Note: So this was just meant as a little writing exercise at 4am, picking the first song my iTunes brought up on shuffle and running with it. I'm not sure it's really worth sharing, but it's 5am so what the hell. So here's a little drabble set during Sherlock's time away tracking down Moriarty's network, for whatever that's worth. It might help to put on a Chopin piece while you read.
And yes, in my mind this takes place in the world of "What He Likes" and "The Sign of the Four", though it's not at all necessary to have read those. And if you have, be forewarned that this drabble isn't the carefully planned standard for me, but my brain just spilling over in the wee hours.
Oh, and this is definitely inspired by my own experiences of Krakow, which I rate as one of my favorite cities in Europe.
It was like a ship cast adrift in the sea, this little hotel room in Krakow.
Which was an absurd, annoyingly poetic notion and Sherlock really had no idea why he'd had it. Far from his normal line of thinking. But he thought perhaps he should blame Chopin. That sentimental, melancholy man. Yes, music had to be the culprit. That was logical, given Sherlock's own musical inclinations and gifts. This city was practically splitting its seams with Chopin, with the desire to remind every tourist that this was the great pianist's land. Recitals in upper rooms. Casts of his hands in the museum. His heart and soul and notes seeping even into hotel rooms where they had no right to be.
It was impossible to escape. A recital going on in the same row of old city centre building as the hotel. The sound drifted up to Sherlock through the walls and floors, the mournful, delicate melodies ebbing and flowing. He closed his eyes involuntarily.
Slowly, very gradually, everything else began slipping away. His self-declared mission. His targets. Even the little kit, syringe and vile and cotton wool with a spoon, tucked away behind a false-walled section of his little travel bag. That extra boost he often needed to keep his mind sharp. Even that was washed away by the melody drifting up, rising like gentle waves.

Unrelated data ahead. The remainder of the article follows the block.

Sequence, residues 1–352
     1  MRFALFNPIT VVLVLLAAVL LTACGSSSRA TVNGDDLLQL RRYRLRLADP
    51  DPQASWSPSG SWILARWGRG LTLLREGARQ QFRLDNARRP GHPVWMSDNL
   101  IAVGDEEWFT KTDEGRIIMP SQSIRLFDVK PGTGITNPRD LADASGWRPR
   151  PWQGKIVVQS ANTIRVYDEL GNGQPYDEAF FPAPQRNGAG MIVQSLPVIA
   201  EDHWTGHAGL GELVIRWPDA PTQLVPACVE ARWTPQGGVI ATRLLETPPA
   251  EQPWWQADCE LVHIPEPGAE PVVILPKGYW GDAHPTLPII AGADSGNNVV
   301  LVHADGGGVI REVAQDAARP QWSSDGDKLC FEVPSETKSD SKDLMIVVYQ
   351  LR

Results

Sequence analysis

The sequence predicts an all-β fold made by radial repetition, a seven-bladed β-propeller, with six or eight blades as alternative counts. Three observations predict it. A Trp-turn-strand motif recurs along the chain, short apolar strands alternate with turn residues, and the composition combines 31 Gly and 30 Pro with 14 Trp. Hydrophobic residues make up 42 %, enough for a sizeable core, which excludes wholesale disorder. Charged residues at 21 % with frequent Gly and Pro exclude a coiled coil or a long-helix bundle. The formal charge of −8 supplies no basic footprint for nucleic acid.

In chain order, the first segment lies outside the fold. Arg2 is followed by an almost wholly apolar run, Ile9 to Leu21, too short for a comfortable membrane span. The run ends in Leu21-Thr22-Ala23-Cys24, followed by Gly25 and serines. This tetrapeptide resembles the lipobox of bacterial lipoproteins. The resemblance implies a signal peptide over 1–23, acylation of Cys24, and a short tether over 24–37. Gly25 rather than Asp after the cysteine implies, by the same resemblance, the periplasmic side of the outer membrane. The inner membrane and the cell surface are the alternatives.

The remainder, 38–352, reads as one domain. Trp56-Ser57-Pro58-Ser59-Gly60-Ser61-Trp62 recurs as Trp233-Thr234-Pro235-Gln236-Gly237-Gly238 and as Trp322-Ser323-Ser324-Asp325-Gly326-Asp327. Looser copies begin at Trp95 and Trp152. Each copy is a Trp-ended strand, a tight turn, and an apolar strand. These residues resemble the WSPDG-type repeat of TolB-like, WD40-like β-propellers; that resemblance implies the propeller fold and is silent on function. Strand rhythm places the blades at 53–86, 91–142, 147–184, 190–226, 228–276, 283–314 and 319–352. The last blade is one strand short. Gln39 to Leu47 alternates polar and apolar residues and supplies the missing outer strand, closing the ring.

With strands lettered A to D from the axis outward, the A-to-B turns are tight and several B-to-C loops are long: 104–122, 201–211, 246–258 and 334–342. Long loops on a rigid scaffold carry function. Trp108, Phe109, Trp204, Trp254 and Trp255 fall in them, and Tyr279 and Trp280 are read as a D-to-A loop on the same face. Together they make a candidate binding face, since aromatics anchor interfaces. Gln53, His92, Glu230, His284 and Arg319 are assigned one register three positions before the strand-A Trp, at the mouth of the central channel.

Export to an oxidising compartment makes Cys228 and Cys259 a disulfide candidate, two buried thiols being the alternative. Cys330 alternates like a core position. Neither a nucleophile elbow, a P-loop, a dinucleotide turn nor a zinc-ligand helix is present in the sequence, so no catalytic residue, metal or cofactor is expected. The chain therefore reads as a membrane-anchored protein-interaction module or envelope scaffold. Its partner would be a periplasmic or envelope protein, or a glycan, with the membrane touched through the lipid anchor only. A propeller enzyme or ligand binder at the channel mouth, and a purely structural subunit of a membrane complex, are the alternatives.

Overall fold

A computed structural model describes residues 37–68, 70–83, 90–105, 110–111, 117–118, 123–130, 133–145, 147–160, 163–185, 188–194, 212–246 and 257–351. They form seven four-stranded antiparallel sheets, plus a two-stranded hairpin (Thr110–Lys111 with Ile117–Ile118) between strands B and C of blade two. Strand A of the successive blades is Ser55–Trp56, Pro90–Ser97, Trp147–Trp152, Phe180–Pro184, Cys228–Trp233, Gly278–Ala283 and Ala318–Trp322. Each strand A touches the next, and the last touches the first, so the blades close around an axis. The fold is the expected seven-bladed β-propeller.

Ah, how a violin would compliment this nocturne, he thought. Slow notes, the bow drawn gently across the strings. A countermelody, sadder than the light, trilling notes of the piano. Echo and response. Sherlock could imagine his fingers sliding across the neck, could feel the pressure of fingertips on strings, the quick tremor of vibrato from his wrist. He could hear the music he'd add to the music that assaulted him so pleasantly and entirely without invite.
If he let himself become awash in Chopin, then yes, perhaps there was some poetry to that. Perhaps Sherlock could imagine himself, cast adrift on the swells of the sea. Bobbing unharmed in the waves. Not tossed about as in a storm. Not looking around for circling sharks. Floating. Free. No shipwreck at all, and Chopin's nocturne moving him on the waves as the sun set on the Channel.
It was the applause that killed it. A sharp burst of inelegant hands slapping together without any meter or purpose. That signalled the end in every possible way. Sherlock opened his eyes.
And still he stood by the window, looking at nothing, listening for anything.
He didn't know how much later it was when he looked, really looked down at the cityscape outside his window. Straggling tourists and young people ambled along the road. A streetcar chugged dutifully along its cable line route. Alleyways shot off from the main road.
Sherlock saw the city for what it was: exits, escape routes, hiding places, transport schedules, witnesses, police to avoid, nearest hospital location, unscrupulous hostels for hideouts... A city like all the other cities Sherlock had passed through in the last nine months. And his place in it was crystal clear.
He was no raft adrift on a pleasant, gentle current. He was the survivor of a shipwreck on an already dangerously inhabited island from which there was no escape save total and utter destruction of the extremely capable hostile residents. On their ground. In their world. On his own. David toppling Goliath.
How had he ever thought this possible?
Sherlock moved away from the window, let himself sink onto his bed. But not to sleep: to study the dossier he'd made for his target. The photos, notes, leaked confidential government documents and analyses, maps and hotel records. Tricks of the trade. The sober, hard facts of Sherlock's lot. That should be comforting, in a way. It was familiar. Straightforward.
No high, light notes. No trills. And certainly not a damn yearning, mournful response on the violin. Dear God, had he actually allowed himself to get swept up in such a sentiment? He must remember to be more careful around music. This was no longer Chopin's city. Not the composer's to memorise, internalise, map out in his head so that when (not if) he found his target, the whole thing could be carried off without risk. Sherlock had got good at this. But he had yet to get used to it.
He stayed awake all night, listening in vain for Chopin. The city was silent.
In the morning, Sherlock stalked his man from a tram stop, dragged him to a secluded park, and slit his throat with a switchblade.